Amid paperback copies of romance novels and how-to manuals, the Toronto Public Library would like to see something else available for checkout in 2016: the Internet.
Lendable Wi-Fi hotspots are already being experimented with in cities such as New York and Chicago, and are billed as a way to bridge the digital divide in urban centres.
City Librarian Vickery Bowles said the Toronto library has included $100,000 in its 2016 operating budget for lendable Internet at branches located in neighbourhood improvement areas, where there are larger numbers of people who might need the service.
She feels Internet access has become an essential part of the services libraries should provide.
“People who lack broadband Internet access at home, they’re really at a disadvantage when it comes to employment, looking for a job or access to government services and education,” Bowles said.
Modern libraries have already become hubs for free Internet. A lineup of people waiting to polish their resumes, check email or even fill out government forms online has become a fixture at many branches.
The Toronto Public Library would figure out the details after funding is approved by council. But the idea is basically to let patrons check out a physical device that can provide free Wi-Fi for whatever device they have.
The library is already seeking private donors who could supplement the city funding, Bowles said.
Andrea Saenz, first deputy commissioner at the Chicago Public Library, said that under a pilot project that started this year, librarians in the Windy City have lent out about 700 devices at seven branches, in neighbourhoods where people are most likely not to have Internet access at home.
The point is to bring people who have been left in the digital dark into the online conversation.
“We’re missing those voices, and we’re missing those people, those citizens as engaged actors online,” she said.
The project has been met with lots of enthusiasm, but staff are still figuring out who is borrowing the devices and for what purpose, surveying people when they return the hotspots.
“I would say the jury is still out. We don’t have a ton of data back,” Saenz said, adding there are safeguards built in, allowing the library to turn the devices off if people don’t return them.
Charity Kittler, library hotspot program manager at the New York Public Library, said the idea for its Wi-Fi project came to the president of the library when he was walking around the Bronx one day and noticed a crowd of people hanging around outside a closed library branch, using the Wi-Fi bleed from the building.
“So it’s not just that our libraries are packed during the day. Even after the libraries close, people are still there because it’s one of the few places you can get free Wi-Fi,” Kittler said.
In that city, where 27 per cent of residents do not have broadband Internet access at home, according to city statistics, the hotspots are a hot commodity.
“It’s not just that you’re not able to access the internet if you don’t have it at home, it’s that the things you used to be able to do in person are now only online,” Kittler said.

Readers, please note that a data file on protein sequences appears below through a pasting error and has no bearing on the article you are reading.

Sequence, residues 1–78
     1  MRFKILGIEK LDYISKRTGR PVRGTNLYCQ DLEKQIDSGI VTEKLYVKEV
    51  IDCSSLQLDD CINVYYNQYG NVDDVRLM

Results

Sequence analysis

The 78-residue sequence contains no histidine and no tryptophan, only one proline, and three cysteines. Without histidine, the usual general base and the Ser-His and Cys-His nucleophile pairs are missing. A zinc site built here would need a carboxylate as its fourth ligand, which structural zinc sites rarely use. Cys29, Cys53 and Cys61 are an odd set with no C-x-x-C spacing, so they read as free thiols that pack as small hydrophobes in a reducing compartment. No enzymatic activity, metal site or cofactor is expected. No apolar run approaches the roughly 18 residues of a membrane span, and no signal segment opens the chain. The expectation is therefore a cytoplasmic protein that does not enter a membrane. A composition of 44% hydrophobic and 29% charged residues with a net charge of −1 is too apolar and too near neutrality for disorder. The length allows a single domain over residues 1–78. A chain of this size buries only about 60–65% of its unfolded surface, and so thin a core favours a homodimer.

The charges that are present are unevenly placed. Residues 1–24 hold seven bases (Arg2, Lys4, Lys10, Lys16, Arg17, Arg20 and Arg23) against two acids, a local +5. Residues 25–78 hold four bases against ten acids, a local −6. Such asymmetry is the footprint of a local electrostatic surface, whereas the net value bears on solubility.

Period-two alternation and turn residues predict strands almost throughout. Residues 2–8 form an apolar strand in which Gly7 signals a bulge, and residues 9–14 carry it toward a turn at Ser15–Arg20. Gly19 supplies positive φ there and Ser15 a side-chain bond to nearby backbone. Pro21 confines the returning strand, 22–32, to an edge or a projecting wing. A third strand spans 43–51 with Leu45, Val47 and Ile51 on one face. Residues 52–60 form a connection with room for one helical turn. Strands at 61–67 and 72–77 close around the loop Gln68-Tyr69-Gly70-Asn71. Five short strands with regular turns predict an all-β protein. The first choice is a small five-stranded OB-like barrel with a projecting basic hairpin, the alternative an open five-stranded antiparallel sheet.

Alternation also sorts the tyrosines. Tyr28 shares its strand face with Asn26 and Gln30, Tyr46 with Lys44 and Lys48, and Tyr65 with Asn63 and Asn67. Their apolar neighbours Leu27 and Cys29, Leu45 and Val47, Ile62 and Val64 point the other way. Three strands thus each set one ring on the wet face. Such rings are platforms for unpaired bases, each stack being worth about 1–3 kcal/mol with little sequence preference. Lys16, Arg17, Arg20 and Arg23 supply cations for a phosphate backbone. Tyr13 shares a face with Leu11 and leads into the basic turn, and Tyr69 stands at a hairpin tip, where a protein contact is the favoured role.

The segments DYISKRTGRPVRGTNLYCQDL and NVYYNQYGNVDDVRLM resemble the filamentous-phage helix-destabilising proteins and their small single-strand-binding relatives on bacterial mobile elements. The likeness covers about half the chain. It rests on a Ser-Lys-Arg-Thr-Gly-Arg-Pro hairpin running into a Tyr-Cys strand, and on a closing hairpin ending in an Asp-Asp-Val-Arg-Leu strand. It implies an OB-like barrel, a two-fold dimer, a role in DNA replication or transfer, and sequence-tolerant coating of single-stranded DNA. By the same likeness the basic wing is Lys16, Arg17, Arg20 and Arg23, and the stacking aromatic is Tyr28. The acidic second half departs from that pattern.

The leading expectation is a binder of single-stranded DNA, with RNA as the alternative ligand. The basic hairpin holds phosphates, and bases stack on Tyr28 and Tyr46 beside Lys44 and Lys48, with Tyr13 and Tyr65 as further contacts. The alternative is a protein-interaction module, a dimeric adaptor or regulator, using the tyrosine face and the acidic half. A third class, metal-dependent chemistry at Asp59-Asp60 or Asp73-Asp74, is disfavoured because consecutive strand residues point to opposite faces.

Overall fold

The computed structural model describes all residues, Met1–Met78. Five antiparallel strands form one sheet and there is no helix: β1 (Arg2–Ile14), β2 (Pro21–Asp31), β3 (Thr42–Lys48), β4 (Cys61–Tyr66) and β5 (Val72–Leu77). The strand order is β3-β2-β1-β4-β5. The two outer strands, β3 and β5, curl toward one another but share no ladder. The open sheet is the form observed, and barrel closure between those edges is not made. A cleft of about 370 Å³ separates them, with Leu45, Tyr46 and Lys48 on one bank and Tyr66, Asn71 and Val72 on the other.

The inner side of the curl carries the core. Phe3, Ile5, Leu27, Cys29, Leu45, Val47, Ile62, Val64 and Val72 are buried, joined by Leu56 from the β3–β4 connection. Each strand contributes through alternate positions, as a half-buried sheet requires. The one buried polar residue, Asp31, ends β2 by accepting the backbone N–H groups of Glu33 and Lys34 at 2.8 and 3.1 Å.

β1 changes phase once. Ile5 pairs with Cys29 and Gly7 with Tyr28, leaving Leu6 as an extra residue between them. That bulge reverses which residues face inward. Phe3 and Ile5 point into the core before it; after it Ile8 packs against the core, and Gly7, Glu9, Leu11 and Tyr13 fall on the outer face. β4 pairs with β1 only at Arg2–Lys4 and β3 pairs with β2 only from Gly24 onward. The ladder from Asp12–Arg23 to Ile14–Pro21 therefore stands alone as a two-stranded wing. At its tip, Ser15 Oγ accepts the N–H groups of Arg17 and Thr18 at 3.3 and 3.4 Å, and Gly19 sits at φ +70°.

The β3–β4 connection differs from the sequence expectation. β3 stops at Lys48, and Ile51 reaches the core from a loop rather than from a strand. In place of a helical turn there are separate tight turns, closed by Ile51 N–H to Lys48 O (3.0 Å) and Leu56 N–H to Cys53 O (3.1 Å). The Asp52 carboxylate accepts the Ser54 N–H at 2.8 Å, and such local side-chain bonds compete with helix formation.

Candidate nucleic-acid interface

The biggest complaint, she said, is that the internet is not fast enough, and that people want to use the devices for longer, even though patrons have been able to keep them from up to a year.
As for less educational uses, Kittler said the library doesn’t judge.
“We try to tell them upfront, we don’t recommend marathoning Game of Thrones, simply because your internet will then slow down afterwards,” she said with a laugh.
Libraries lending Wi-Fi
What other major library systems are doing with lendable Wi-Fi hardware.
New York City
New Yorkers with library cards can check out Wi-Fi hotpots powered by Sprint at “lending events” in 11 branches in high-needs areas across the city.
Funded by Google, The Knight Foundation, The Robin Hood Foundation, Open Society Foundations and the library itself, the program allows patrons to check out the devices for up to a year.
Although the devices have been very popular, library hotspot program manager Charity Kittler said it’s only a pilot program and the future remains under discussion.
A similar program is run by the Brooklyn Public Library and the Queens Library, she said.
The Chicago program is a two-year pilot that lets patrons check out hotspot devices from seven branches in neighbourhoods identified as having lots of people without home Internet access.
The loans are available for three weeks, and patrons can renew only if somebody isn’t waiting for the item.
The library applied for a grant from the Knight Foundation to help fund the project. Librarians had the same idea at the same time as their sister library in New York City, said Andrea Saenz of the Chicago Public Library.
The local Google office also kicked in some funding once it heard about the project, she said.
The southwestern Ontario city started its own pilot program, said to be the first in Canada, in October.
Mary Chevreau, chief executive officer of the Kitchener Public Library, said the library received a grant from a technology company to fund the pilot, which it hopes to run for a year. It’s hoped future fundraising would allow the program to continue.
There are 20 devices in circulation, available for checkout at the central branch for three weeks on a first-come-first-served basis with no holds or renewals.
“Our experience so far is that these things are extremely popular,” Chevreau said.
The Kansas City Library began lending out Wi-Fi hotspots to students and parents in the area school district in 2015. There are 25 devices in the program.
Library spokesperson Courtney Lewis said the program is funded by Mobile Beacon, an organization that works to provide non-profit with Internet access. The Kansas City Library hopes to expand the program with support from other private donors.